I recently spoke with a friend who gave a retreat at a Catholic high school. He spoke about selfish pride as an obstacle in the Christian life and how Jesus shows us the complete opposite by His humility on the cross. My friend closed his talk by giving them a list of prideful habitsor tendencies. Some of them included, “I close my ears whenever someone tries to correct me or gives constructive criticism”. Another one was “I cannot take ‘No’ for an answer”. But the last one was, “I don’t go to the Sacrament of Confession” I asked my friend what he meant by this and he said, “well, if you think about, it is prideful if we think we can receive Jesus’ Body in Blood in Holy Communion everyday or every Sunday, yet we don’t humble ourselves and confess our sins sacramentally. Are we that perfect and impeccable?” He then mentioned Cardinal Timothy Dolan, who had shared that if one wants to be a good priest, he should strive for a monthly confession.
Some scholars share that humility is God’s favorite virtue. Jesus exemplified humility throughout his life. He was not born rich, but poor. He was known as a carpenter’s son who struggled to make a living. Jesus was not liked by the popular religious teachers of the time and often criticized by them. He bowed down to wash the feet of his friends, a task only slaves would do. Finally, Jesus humbled himself by dying on the cross, the most humiliating way to die in the ancient world. Our Lord was humble and remained close to the humble. In the gospels we often hear Jesus criticize the proud and lift up the lowly. For instance in Luke, Jesus points out the Pharisee’s prayer, who uttered, “I thank you that I am not like other men…I fast twice a week, I give tithes…” (Lk 18:11-12). This Pharisee’s prayer is not towards God, but towards himself. The humbled tax on the other hand, simply prayed for God’s mercy. Jesus then shared, “everyone who exalts himself will be humbled, but he who humbles himself will be exalted” (Lk 18:14). There are so many other scriptural examples of Jesus recognizing the humble and giving them courage to move forward in faith.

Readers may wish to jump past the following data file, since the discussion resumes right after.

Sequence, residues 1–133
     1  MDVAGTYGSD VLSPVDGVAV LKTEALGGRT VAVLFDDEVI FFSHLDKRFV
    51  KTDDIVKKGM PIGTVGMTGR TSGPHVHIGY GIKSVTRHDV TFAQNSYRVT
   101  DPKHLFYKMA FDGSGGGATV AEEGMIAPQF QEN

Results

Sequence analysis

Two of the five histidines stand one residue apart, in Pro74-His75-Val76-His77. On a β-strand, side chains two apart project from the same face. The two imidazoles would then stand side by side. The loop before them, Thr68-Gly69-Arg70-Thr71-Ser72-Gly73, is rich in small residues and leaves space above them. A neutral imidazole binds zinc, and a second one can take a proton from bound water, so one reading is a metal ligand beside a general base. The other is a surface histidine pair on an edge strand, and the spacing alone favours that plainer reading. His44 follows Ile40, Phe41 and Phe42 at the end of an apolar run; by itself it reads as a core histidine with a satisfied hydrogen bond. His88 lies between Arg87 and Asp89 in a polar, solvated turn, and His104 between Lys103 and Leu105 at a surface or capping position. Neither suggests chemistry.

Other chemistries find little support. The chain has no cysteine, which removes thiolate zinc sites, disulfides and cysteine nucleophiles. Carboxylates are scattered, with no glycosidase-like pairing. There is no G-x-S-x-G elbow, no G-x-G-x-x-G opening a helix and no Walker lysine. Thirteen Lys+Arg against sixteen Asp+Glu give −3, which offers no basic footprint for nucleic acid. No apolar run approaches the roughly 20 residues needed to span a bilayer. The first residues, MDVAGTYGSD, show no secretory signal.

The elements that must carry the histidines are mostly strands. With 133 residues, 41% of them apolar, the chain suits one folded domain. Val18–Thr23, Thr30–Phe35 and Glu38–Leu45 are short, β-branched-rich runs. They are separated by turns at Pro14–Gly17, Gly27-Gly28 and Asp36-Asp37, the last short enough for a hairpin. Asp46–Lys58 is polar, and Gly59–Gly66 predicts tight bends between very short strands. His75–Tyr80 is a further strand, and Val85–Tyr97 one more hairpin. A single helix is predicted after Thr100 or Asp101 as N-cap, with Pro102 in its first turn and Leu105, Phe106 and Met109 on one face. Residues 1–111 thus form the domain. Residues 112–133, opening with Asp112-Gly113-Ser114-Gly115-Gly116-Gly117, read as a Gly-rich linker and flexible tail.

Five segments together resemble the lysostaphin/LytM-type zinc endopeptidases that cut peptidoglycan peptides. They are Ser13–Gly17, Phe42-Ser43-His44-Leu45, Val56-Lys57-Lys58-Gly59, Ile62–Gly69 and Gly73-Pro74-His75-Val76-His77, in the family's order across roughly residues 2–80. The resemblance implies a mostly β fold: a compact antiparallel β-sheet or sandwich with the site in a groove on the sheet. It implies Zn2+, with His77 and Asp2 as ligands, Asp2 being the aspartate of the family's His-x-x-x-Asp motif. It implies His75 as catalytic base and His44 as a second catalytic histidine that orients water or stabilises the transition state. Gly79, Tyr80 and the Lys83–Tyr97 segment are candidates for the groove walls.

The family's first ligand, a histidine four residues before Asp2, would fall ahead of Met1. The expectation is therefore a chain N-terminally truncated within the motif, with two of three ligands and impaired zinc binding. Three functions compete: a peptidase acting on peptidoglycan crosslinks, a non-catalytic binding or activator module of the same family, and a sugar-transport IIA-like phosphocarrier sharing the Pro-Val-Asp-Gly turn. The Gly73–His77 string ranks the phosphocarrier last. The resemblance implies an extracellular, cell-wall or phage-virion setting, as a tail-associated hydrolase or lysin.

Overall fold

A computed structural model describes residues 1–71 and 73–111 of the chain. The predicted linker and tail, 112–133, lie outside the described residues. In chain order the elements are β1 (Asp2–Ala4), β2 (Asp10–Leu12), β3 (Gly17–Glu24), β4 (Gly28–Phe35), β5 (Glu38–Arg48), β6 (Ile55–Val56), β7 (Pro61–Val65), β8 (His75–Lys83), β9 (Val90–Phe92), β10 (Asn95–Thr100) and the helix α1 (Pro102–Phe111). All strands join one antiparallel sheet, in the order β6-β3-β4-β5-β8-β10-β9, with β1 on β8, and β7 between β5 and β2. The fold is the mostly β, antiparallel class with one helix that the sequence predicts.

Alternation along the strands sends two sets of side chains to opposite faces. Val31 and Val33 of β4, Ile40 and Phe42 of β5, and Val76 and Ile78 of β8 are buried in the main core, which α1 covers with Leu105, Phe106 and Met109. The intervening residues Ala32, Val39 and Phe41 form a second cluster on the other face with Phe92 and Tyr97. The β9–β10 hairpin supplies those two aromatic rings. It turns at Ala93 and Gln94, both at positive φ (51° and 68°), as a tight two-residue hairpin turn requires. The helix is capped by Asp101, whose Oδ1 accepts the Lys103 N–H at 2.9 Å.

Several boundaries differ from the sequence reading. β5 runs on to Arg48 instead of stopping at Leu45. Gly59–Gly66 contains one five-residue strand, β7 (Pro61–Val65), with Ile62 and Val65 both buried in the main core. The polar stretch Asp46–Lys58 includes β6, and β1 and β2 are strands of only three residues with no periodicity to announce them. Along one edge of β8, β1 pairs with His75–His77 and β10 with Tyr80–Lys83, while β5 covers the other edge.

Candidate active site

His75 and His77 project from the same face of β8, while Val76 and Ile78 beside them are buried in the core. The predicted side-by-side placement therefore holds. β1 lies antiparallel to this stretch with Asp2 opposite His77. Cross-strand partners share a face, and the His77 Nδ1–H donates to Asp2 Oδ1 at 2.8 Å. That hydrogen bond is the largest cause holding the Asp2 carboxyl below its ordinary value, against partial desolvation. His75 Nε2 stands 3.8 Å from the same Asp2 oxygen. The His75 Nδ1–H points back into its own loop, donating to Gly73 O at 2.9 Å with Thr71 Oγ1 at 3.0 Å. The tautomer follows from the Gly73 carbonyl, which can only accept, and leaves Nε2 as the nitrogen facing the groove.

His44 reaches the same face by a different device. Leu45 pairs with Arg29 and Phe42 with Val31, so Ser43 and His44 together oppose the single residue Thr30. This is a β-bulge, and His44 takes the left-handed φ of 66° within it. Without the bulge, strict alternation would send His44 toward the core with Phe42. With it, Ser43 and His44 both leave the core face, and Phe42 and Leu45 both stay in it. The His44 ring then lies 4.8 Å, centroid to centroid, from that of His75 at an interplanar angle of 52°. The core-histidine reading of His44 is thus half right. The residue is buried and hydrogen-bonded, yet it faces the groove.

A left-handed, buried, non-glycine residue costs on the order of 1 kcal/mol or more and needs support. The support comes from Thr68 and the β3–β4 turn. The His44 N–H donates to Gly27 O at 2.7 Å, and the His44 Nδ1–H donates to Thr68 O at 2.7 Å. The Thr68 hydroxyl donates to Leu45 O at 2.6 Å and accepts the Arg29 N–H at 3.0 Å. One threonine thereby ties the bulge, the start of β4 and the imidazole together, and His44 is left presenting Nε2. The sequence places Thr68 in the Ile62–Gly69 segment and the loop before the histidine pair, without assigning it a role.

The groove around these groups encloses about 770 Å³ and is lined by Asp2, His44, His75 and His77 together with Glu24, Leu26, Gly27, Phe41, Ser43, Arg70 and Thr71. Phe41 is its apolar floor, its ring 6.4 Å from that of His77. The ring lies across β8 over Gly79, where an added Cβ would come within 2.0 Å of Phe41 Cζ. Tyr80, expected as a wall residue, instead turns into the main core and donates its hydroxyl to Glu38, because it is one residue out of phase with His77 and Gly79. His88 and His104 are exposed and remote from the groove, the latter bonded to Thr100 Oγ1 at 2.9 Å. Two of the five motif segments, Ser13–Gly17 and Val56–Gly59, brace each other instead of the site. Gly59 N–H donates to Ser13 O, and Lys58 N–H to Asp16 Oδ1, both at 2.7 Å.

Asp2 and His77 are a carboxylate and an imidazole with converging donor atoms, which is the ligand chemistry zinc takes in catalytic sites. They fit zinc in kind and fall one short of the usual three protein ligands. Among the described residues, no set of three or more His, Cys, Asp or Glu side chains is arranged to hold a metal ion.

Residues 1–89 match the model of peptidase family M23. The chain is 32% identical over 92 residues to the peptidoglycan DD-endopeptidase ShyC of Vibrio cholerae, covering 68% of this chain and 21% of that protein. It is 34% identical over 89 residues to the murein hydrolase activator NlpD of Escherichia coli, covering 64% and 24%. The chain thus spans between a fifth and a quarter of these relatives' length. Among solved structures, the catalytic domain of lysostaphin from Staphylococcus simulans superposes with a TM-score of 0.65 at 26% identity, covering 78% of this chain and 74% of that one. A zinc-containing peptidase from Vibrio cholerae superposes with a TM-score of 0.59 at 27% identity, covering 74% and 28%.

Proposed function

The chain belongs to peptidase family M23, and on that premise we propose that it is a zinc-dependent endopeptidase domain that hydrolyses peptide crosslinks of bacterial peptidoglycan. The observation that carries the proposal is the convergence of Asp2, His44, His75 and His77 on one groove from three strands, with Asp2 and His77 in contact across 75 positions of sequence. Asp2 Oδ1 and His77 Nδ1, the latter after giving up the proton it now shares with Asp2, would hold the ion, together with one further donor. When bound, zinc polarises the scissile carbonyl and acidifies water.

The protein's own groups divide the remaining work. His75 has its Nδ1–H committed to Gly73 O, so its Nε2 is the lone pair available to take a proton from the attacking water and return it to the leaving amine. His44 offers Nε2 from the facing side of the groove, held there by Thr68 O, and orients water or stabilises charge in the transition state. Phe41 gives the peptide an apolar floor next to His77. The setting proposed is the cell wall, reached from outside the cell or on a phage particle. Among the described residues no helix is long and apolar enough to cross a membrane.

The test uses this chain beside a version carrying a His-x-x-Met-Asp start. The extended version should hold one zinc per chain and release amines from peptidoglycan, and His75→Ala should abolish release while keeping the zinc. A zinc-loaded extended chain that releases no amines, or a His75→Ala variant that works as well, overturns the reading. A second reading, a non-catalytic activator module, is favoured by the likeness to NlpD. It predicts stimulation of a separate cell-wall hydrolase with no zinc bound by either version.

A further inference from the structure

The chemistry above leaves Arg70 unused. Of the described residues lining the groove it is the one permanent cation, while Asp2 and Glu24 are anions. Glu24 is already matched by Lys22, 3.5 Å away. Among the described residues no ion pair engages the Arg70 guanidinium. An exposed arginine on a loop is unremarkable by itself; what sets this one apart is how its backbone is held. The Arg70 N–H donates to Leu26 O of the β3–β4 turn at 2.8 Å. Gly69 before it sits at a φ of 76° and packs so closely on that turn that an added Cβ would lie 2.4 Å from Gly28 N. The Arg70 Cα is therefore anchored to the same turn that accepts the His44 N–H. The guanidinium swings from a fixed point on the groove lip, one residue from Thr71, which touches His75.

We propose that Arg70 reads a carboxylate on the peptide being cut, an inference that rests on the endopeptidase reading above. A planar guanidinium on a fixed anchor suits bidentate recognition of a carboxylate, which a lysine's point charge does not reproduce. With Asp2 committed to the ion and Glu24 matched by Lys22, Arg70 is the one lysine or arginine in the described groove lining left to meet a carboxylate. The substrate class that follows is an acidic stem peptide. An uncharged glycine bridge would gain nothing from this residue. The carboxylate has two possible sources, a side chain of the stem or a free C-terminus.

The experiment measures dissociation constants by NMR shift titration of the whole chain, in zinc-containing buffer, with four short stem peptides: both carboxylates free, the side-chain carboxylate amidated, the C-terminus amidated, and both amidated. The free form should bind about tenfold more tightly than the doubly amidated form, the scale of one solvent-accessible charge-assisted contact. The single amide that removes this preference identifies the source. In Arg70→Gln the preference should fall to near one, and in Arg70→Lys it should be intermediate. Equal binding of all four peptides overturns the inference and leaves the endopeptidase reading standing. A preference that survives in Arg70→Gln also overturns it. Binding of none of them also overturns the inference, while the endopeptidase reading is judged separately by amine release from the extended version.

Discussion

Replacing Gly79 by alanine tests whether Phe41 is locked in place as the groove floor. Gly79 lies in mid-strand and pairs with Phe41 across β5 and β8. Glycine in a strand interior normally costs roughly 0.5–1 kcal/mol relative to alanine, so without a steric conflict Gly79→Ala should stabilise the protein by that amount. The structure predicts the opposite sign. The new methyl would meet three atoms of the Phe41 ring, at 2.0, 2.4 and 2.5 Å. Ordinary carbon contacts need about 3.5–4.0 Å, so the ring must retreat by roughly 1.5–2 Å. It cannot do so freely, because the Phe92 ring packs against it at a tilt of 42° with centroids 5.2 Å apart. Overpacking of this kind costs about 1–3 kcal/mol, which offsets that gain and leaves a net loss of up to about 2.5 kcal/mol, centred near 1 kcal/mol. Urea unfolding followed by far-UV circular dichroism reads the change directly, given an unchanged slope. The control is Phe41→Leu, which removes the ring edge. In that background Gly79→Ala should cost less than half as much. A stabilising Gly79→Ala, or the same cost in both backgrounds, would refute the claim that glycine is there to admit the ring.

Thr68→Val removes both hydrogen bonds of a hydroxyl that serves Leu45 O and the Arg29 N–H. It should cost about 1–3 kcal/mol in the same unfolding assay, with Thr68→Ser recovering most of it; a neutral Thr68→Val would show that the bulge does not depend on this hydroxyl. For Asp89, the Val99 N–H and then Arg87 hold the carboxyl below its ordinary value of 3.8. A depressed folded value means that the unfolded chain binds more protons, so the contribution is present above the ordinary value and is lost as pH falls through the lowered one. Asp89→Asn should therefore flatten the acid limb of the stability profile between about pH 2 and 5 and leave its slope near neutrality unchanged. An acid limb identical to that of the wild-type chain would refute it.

I agree with scholars who think that God’s favorite virtue is humility. If you think about, it is much easier to cooperate and work with the humble than the proud. The humble person is patient, understanding, and knows how to listen. Perhaps that is why God favors the humble, because He knows they are open to His grace, teachings, and way of life. Most of all, the humble know that they need God’s mercy. They cannot do everything on their own. May we walk in the Lord’s footsteps by practicing humility and be open to Him and to others. I challenge all of us to take off that last part of the Pride-List, to recognize and confess our own sins in Confession.